 capacitors

 lines, and

 generators.

A number of unit protection arrangements are examined here: transformer, line


protection using pilot cable (balanced voltage and circulating current), phase
comparison carrier and digital differential protection.

16.2.1 Transformer Unit Protection

A typical auto transformer unit protection scheme is shown in Figure 16-4.

Each phase winding forms a three ended protected zone and the current
transformers in the low and high voltage and neutral ends of the windings are
connected in parallel to form a circulating current scheme.

All current transformers are the same secondary current rating and a simple
instantaneous relay can be used, (the protection is unaffected by inrush current or
tap changing).

The stabilising resistor ensures that the relay does not operate for faults outside the
protected zone during the first few cycles when the current transformers may not
faithfully transform the primary current.

The voltage limiting device prevents the relay from being damaged by the very
large voltages which could occur due to the large current which would flow in it and
the stabilising resistor when a fault occurs in the protected zone.

16-4
Section 16 – Transmission Protection

Stabilising
resistors

relays
Differential
Protection zone

Voltagte
limiting
devices

Figure 16-4 Typical auto-transformer unit protection

16.2.2 Pilot Unit Protection

Unit protection schemes are also used for overhead lines and underground cables,
with these schemes it is more convenient to have relays at each end of the line
connected by pilot cable.

For this application, the relays have both an operating winding and a restraint or
bias winding. The bias winding provides stability, that is, it stops the relay
operating for a through fault, while allowing operation of the relay for an internal
fault. (Note that a through fault occurs outside the zone of protection.)

16-5
Switching Operator’s Manual Two

Two basic arrangements are used for pilot unit protection:

 balanced voltage (see Figure 16-5), and

 circulating current (see Figure 16-6).

Balanced Voltage

In Figure 16-5 the pilot voltages balance each other for an external fault. Most of
the current flows through the restrain (bias) coil rather than the operating coil.

Circulating Current

In Figure 16-6 the pilot currents add at each end to produce a circulating current for
an external fault. The majority of current again flows through the restraint coil.

A problem with these two different arrangements is that damage to the pilot cable
may result in the following:

 open circuit of pilot cable – the circuit could trip in the circulating current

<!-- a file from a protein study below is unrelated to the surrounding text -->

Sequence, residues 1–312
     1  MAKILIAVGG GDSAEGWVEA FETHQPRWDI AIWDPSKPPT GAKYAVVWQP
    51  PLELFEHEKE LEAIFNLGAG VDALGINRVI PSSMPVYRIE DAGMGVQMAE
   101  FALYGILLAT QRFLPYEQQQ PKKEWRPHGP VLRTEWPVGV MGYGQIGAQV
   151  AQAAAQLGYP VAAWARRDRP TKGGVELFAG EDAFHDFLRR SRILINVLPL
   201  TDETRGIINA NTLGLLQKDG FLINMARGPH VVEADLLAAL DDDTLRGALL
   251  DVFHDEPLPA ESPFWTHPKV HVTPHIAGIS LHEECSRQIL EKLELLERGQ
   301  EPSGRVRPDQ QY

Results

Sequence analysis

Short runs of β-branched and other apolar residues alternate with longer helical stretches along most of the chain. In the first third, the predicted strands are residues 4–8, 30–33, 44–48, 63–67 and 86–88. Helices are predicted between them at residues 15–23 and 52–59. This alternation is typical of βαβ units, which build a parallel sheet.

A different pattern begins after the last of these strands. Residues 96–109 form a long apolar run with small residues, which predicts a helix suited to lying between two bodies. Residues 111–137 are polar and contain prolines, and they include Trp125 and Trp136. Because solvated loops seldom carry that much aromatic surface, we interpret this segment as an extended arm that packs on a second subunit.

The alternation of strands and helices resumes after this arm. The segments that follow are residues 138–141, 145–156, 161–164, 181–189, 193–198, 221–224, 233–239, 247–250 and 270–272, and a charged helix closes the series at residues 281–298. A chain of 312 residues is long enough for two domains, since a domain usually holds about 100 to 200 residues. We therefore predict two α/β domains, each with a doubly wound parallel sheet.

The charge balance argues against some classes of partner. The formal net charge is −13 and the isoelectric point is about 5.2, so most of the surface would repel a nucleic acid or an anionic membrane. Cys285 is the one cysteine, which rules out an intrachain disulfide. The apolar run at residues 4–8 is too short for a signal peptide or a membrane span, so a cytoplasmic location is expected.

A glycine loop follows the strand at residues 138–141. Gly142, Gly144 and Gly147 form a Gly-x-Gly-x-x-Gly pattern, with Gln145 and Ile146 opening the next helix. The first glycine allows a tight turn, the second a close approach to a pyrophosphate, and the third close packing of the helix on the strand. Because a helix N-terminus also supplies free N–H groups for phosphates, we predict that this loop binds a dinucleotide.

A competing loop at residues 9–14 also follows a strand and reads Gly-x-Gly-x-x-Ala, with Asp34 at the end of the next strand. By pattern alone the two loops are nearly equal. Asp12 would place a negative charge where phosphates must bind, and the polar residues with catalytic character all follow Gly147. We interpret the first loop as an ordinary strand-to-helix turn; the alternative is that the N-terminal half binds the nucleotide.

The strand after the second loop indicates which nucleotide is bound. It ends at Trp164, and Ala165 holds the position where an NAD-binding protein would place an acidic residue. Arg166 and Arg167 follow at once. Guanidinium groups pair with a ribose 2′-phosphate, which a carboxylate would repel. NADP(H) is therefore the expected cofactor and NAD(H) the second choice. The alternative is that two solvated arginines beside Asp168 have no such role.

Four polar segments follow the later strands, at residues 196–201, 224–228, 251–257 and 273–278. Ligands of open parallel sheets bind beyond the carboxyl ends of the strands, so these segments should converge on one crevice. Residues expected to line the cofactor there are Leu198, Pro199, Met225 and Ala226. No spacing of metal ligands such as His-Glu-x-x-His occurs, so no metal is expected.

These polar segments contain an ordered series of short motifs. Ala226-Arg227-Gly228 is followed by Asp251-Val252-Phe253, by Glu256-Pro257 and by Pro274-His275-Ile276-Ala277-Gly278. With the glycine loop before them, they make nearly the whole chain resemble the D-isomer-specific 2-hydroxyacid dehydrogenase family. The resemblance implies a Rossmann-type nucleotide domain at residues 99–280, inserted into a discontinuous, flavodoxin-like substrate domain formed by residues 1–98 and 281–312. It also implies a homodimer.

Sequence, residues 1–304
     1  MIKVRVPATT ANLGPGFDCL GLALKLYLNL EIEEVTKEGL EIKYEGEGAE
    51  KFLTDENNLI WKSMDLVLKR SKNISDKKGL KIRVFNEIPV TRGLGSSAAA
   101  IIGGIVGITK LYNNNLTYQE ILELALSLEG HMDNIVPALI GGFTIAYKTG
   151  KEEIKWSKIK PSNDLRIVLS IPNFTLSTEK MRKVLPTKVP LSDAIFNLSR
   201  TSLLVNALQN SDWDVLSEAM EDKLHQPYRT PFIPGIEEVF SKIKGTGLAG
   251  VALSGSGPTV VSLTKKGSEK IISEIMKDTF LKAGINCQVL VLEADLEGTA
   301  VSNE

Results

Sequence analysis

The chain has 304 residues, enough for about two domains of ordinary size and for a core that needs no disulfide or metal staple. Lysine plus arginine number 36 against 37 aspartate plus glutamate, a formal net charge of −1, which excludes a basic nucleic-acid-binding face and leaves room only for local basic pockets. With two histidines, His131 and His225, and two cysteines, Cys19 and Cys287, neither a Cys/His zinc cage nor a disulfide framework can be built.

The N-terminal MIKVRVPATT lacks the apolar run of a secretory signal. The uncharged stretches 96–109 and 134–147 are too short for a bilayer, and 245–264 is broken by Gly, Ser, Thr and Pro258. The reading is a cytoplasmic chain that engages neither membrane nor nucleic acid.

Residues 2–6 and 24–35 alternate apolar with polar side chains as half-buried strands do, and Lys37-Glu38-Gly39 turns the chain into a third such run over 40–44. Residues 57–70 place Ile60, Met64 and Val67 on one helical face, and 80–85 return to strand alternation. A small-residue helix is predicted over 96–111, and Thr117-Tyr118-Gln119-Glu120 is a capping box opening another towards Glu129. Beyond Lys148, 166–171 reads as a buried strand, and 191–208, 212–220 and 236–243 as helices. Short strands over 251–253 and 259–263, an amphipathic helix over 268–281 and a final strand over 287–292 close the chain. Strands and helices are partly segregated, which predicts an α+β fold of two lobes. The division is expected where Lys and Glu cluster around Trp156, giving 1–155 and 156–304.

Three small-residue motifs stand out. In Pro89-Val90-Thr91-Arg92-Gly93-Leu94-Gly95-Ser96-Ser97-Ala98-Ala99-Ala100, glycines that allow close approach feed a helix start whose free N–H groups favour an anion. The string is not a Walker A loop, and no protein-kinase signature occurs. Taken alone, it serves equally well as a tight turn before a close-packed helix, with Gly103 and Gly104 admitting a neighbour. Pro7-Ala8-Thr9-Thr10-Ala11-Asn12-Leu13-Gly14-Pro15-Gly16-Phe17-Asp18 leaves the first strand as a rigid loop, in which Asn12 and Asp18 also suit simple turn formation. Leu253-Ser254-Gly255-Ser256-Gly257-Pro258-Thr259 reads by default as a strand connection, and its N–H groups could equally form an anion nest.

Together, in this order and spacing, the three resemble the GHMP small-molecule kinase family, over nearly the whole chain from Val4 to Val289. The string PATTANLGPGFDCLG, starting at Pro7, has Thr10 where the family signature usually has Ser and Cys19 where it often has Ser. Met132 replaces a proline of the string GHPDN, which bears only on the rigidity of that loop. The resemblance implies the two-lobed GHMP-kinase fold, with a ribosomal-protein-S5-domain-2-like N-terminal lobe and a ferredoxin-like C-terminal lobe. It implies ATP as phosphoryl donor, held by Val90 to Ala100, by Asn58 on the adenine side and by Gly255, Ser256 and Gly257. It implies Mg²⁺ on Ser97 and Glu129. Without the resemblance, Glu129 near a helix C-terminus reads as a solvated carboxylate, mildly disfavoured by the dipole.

arrangement for through faults or high load current

 short circuit of pilot cable – the circuit could trip in the balanced voltage
arrangement.

This problem is summarised in Table 16-1.

Protection Type Pilot Cable Pilot Cable


Open Circuited Short Circuited

Circulating Current Trip Inoperative

Balanced Voltage Inoperative Trip

Table 16-1 Potential problems

16-6
Section 16 – Transmission Protection

External fault current

Line

O Operating coil
+ – + –
R Restraint
(Bias) coil
R
R Pilot pair
O
R O
R
+ + + +

– – – –
Isolating Isolating
transformer transformer

Figure 16-5 Balanced voltage protection

External fault current

Line

Summation Summation
current current
transformer transformer

R
O R
O

Operating R Pilot pair R


O
coil

R Restraint
(Bias) coil

Figure 16-6 Circulating current protection

16-7
16-8
Red

White

Blue

A A
Switching Operator’s Manual Two

LEGEND
T4 T3 T2 T1 T1 T2 T3 T4
A Stabilising resistor
+ +
B B Summation transformer B
C Tuned circuit
D Bias adjuster
K
E DS4 Relay restraining coil
– + K + –
F DS4 Relay operating coil
G Pilot padding resistor
Figure 16-7 below shows a typical pilot protection.

H Pilot tuning choke


C C
J Pilot isolating transformer

Figure 16-7 Typical pilot protection


K Voltage reference resistor

F E D D E F
J J

H Pilot cable H
G G
Section 16 – Transmission Protection

16.2.3 Digital Differential Unit Protection

Digital differential line protection relays at each end of the line determines digital
values to represent the current flowing at that point on the line. These digital values
are communicated to the relay at the opposite end for comparison.

Where the local and remote digital values are the same indicates a healthy power
line, however where the digital values differ this would indicate a fault and the
circuit breakers at each end are tripped by the local relay.

L1
L2
L3

DL1 DL1

DL2 DL2

Digital comms via optical fibre


DL3 DL3
or multiplexed channels
Digital relays Digital relays

Figure 16-8 Line protection using digital differential communications